4 Diabolical Customers (And How to Deal With Them)

Business.com / Customers / Last Modified: February 22, 2017

It’s easy to love your customers. At least the ones who are easily satisfied, pay on time, and laud your services.

It’s easy to love your customers. At least the ones who are easily satisfied, pay on time, and laud your services.

But sometimes you serve customers from hell. In fact, there’s a whole list of sites dedicated to client-based nightmares. Customers From Hell, an online assemblage of anonymous client “horror stories”, allows designers and small business owners to rant about difficult clients. Not Always Right allows nameless employees and service workers to do the same.

Related ArticleAre You Creating a Bad Business Reputation?

But customers help you bring home the bacon and that means you’re forced to deal with their annoying idiosyncrasies.

To help, and to honor the spirit of Halloween, we’ve outlined how to deal with four diabolical customers:

The “I’m Always Right” Customer

A customer-centric culture is critical. However, the customer isn’t always right. I was sitting at the take-out bar of my local café yesterday and a lady, who was in a serious hurry, demanded her food to be ready ASAP. The restaurant manager apologetically informed her that her order was never called in and placed.

She argued saying she called the restaurant 15 minutes ago, that the server staff is lazy and scatterbrained. After a few minutes of back-and-forth, she realized the placed the order at the restaurant’s other location, ten miles away. She quarreled with the staff for minutes until finally realizing she was in the wrong.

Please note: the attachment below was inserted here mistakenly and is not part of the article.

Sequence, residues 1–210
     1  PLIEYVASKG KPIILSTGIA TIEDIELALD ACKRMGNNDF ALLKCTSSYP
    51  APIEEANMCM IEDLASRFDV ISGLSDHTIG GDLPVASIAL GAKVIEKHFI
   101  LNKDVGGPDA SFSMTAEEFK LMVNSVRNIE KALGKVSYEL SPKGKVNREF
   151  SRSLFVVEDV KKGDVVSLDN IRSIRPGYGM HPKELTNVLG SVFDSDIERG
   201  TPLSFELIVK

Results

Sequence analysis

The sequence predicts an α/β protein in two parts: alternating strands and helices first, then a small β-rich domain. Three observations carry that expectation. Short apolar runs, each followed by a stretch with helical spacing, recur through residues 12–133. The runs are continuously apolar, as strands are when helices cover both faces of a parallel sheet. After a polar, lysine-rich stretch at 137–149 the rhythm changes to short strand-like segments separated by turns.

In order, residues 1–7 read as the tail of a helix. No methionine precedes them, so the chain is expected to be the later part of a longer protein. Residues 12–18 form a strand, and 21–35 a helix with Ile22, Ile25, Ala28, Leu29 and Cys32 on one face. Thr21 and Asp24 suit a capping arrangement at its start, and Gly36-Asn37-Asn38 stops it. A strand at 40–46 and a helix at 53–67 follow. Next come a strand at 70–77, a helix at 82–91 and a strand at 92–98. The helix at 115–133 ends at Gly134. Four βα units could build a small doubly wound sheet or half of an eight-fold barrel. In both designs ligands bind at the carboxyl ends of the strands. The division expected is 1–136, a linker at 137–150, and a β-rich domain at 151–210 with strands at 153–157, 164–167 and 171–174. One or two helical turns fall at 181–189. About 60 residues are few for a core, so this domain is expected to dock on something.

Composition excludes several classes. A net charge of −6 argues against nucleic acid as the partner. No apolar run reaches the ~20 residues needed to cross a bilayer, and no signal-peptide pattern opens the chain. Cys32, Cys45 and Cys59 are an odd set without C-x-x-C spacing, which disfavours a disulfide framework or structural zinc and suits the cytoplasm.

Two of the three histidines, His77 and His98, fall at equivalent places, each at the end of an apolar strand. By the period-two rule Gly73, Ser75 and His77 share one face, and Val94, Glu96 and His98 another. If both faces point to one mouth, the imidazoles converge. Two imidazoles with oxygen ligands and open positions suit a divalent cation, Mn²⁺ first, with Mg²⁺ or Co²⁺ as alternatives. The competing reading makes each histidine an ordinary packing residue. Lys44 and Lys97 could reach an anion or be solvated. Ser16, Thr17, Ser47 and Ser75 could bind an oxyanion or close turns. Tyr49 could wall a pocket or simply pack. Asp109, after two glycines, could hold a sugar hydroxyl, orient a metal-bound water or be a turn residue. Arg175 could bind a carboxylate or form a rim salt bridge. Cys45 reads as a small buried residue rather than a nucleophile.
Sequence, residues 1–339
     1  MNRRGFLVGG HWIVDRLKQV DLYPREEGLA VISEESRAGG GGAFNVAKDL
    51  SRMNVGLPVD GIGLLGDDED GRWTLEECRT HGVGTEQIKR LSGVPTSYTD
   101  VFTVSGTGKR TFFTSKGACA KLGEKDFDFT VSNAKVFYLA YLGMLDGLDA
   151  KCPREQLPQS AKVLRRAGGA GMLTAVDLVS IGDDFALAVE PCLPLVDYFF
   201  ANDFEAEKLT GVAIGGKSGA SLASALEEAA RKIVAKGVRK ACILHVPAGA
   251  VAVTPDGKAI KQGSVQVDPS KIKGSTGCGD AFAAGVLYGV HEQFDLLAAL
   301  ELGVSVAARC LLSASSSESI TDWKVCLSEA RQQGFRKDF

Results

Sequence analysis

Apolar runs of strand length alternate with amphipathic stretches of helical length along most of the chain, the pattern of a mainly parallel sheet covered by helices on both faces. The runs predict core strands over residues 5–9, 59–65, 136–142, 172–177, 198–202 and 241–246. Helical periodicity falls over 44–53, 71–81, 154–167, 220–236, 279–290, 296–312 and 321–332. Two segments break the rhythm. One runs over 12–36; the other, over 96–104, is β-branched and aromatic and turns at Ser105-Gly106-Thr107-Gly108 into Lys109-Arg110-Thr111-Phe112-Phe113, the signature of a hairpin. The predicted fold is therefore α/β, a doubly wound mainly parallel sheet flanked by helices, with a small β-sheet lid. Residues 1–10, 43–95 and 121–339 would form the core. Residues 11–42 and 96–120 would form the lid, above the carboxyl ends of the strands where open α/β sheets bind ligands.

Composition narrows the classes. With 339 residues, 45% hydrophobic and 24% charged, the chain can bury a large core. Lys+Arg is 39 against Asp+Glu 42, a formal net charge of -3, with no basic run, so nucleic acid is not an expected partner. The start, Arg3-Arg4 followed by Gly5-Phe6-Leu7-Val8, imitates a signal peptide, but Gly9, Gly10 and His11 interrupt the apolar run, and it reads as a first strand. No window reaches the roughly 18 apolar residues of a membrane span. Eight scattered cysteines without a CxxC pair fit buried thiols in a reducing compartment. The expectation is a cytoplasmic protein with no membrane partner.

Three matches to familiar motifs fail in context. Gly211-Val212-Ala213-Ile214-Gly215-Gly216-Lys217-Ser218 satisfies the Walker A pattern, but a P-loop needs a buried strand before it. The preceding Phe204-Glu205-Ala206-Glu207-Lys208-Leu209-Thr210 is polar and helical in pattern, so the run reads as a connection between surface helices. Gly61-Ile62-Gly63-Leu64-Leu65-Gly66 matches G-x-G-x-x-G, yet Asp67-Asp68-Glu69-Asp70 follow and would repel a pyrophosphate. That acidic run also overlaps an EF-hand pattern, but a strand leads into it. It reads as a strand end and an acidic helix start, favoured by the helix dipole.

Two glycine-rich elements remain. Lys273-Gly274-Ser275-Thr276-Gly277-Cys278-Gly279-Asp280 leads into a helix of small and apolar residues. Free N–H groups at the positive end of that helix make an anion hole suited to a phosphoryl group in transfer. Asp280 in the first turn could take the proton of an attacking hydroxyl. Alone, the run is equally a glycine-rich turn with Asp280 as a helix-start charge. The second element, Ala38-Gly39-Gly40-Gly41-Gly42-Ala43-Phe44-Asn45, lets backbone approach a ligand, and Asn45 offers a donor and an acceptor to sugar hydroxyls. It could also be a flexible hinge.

How to Deal: Abiding by the “customer is always right” philosophy is good for revenue, but it also permits irate (and incorrect) customers to demand or say abusive things. In the café case, the manager dealt with her accusations, and instead of telling her to leave because she was obviously wrong, he told the chefs to quickly fire up her food.

When you come across a know-it-all customer, put your pride down and solve the problem. But if he or she is mistreating your employees, you can always let that customer go. Gordon Bethune of Continental Airlines made it a point to put his employees first, and when necessary, lost business if the customers were being stupid.

The Indecisive Customer

Should I buy the shirt or should I wait? Should I get it in red or blue? If you’re in retail, you get to see consumer indecision in action. Which can be incredibly frustrating when you have other duties. This annoyance can be multiplied for other professionals. Take designers for example, who spend hours or days making physical changes to something (be it websites, architecture, interiors or landscapes), only to receive feedback from the client who thinks “they’re not sure if they really like it this way or how it was before”.

How to Deal: It’s your job to help your clientele make a decision. You, by job title, have more expertise in your product of service than they do. Dr. David Welman, psychologist and internationally known expert on marketing and selling jewelry, offers a five-step process to helping faltering customers make a decision: